• Ellie Lebo

7 Types of Stories Hiding in Plain Sight



There are little stories all around us, we just have to ask follow up questions.

Unless you’re a die-hard family historian, or working on an ancestry project, you likely don’t go hunting for information about your family in your daily life. Yet we are constantly surrounded by sources of stories and important information that runs the risk of being forgotten. We only need to ask.

Here are seven examples of simple ways to learn more about your family’s story by being more inquisitive about things in plain sight.

1. Old Furniture


What looks like a dusty uncomfortable sofa to you, may have a rich history—having been passed down from one generation to another. Make a point to ask about the furniture in your family members’ homes so that you have an understanding of how certain pieces were acquired. Even if a piece isn’t particularly old, it still may have a story worth knowing.


2. Dishes


If it’s locked up in a cabinet behind a glass window, there’s almost certainly a story behind it. Even if the story is as simple as “it was a wedding gift,” you’ve just started a conversation about an important life event.


3. Religious Items


Whether it’s a cross on the wall or a Star of David necklace, it comes with a story. Religious items are often gifts or family heirlooms, given on momentous religious occasions and wrought with personal meaning. You might ask “what was your bat mitzvah like?” as a follow up.


4. Holiday Decor


Holiday decor is also often passed down from generation to generation. I’m not telling you to ask your mom about the plastic skeletons she hangs in the window every Halloween. But that handmade wooden advent calendar? It’s worth a question or two, particularly if it comes with its own special traditions.


5. Photos Around the Home


The box full of photos is a familiar sight for the family researcher. The photos kept on display in the home, however, are often so familiar that we stop noticing them. These are the photos your loved one has chosen to represent their life to their guests. Really look at them, ask about them, and see how much you learn. I wish I had asked, “Wait a minute, is that Pop with Ronald Reagan?!” a lot sooner than I did.


6. Jewelry


Jewelry collections are truly fascinating things. They can include everything from big chunky plastic earrings to fine pearls and antique cameos. As the types vary, so do the stories. Sometimes simply complimenting a piece of jewelry will spark up an organic conversation about the person’s life. Don’t be afraid to inquire further, though. Just like photos displayed in a person’s home, the items they select to wear are often incredibly meaningful and windows into getting to know that person better.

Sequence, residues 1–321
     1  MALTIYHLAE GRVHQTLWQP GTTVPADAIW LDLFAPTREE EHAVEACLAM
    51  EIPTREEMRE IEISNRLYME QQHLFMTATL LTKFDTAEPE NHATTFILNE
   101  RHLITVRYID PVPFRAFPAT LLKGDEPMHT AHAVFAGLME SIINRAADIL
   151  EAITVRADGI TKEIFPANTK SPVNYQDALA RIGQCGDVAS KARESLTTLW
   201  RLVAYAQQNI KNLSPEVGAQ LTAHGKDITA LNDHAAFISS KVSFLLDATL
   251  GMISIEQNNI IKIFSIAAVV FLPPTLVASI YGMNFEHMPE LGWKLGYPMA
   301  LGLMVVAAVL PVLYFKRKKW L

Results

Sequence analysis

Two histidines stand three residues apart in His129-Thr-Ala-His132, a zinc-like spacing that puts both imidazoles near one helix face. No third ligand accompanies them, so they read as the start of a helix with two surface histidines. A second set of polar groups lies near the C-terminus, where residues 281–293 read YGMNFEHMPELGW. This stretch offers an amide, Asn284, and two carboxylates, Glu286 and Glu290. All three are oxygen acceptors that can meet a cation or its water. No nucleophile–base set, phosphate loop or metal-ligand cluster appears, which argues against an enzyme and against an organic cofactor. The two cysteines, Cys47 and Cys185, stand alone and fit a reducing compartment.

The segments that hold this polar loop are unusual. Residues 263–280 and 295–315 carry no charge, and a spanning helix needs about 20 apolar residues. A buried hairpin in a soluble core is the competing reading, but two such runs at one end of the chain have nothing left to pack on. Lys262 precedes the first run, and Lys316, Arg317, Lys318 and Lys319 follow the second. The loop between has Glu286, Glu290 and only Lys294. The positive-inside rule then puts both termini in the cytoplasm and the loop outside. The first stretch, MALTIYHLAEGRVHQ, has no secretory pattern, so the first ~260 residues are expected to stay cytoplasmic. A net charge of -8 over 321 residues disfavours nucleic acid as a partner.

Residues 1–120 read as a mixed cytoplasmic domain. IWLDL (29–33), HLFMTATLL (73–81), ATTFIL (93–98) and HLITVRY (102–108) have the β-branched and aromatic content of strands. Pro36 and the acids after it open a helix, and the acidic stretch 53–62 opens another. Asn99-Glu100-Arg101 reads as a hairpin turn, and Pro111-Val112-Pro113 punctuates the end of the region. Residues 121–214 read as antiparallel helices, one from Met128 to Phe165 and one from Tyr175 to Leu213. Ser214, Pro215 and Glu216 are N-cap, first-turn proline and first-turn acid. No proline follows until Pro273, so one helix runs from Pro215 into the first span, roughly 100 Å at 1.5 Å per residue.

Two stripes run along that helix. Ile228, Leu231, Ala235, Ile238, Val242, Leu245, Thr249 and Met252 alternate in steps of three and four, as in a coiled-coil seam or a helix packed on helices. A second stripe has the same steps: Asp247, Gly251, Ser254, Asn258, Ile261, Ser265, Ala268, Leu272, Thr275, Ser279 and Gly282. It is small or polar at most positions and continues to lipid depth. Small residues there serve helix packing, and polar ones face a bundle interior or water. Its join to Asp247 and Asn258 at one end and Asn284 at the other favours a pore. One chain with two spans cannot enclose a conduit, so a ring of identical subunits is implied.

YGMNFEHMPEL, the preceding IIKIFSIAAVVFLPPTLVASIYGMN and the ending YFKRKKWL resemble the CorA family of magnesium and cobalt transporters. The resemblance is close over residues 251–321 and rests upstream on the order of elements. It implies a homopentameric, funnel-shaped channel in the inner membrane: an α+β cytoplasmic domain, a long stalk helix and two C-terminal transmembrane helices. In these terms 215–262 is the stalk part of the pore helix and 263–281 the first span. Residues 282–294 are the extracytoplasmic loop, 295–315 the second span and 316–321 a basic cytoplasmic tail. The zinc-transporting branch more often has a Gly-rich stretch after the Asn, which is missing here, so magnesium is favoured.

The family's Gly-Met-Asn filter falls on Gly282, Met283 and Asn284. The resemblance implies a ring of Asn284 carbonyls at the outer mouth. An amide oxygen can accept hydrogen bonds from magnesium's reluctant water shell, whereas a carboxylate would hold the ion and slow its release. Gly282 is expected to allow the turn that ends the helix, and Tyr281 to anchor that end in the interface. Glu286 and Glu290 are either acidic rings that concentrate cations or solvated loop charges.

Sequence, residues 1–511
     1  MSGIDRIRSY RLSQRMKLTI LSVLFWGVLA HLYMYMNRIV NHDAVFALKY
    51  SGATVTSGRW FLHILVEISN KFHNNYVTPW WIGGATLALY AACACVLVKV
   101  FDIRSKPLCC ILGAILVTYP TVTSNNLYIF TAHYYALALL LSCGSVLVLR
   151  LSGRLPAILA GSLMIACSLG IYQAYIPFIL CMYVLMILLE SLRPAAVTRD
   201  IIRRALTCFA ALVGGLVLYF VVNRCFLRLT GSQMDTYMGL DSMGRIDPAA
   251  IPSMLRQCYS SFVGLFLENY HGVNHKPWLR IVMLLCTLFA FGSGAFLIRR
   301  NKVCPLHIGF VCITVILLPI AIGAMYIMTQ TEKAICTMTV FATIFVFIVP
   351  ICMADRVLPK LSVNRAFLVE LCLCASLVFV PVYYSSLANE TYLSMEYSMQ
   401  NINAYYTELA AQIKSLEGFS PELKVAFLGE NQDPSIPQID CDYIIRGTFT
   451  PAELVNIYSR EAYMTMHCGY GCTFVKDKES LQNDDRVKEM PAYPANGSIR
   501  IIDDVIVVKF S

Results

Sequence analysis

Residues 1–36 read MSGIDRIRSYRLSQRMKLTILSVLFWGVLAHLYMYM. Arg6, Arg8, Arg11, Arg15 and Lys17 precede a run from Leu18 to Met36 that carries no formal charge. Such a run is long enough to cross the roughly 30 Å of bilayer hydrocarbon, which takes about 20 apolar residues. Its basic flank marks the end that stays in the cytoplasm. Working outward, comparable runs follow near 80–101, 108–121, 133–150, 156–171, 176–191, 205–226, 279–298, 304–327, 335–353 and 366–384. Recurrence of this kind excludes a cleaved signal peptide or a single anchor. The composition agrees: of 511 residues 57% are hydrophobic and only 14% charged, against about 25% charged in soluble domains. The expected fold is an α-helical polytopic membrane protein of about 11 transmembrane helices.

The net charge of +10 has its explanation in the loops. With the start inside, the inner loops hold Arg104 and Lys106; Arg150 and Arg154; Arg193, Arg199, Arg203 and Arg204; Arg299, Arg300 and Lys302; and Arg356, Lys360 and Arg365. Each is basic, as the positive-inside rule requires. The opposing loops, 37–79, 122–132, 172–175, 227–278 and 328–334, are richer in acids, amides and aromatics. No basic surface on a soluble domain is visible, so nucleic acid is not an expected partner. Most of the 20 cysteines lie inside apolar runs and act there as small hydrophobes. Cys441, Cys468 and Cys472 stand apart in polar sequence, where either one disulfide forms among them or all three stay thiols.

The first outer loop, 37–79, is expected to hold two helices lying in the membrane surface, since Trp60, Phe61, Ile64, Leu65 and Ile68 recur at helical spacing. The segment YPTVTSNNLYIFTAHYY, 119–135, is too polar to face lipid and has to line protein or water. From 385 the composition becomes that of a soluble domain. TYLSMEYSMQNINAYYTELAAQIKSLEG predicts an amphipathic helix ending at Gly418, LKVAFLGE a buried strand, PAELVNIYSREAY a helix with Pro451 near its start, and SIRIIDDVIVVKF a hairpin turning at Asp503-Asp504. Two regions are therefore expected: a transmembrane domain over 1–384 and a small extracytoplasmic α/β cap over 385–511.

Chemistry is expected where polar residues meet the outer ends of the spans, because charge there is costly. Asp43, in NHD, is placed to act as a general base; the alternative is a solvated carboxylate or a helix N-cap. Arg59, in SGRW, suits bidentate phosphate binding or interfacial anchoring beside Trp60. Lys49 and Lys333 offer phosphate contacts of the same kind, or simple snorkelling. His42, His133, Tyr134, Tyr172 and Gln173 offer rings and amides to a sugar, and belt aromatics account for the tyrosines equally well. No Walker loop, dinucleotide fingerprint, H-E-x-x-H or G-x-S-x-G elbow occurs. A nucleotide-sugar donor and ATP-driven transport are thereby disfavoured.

7. Media


This is a broad category, but an important one. ‘Media’ can be anything: nostalgic posts shared online, old newspaper clippings, favorite oldies songs, overplayed VHS tapes, yellowing dog-eared novels. You probably have memories attached to such things in your life and so do your relatives. You just have to ask about them.



You’ll be surprised at how easy it is for your family to tell you stories about themselves when you’re asking about something more indirect, like a physical item. With your prompting, they may tell you something you never knew before! These are just a few examples, but there really are stories everywhere you look if you just ask. Give this a try, especially if you’re in a family history researching slump and you may find that you get a lot more information than you did with previous tactics.


Once you've discovered new stories, remember to preserve them using StoryCombs. You can make a narrated photo by taking a picture of the item that sparked the conversation and then recording your loved one telling you all about it. If the family member and the item are in two separate places, no worries! You can always send the photo through the app, with a request that your family member narrate it for you.


If you want more ideas for preserving your family’s stories, be sure to subscribe to our blog and follow us on Facebook @StoryCombs.

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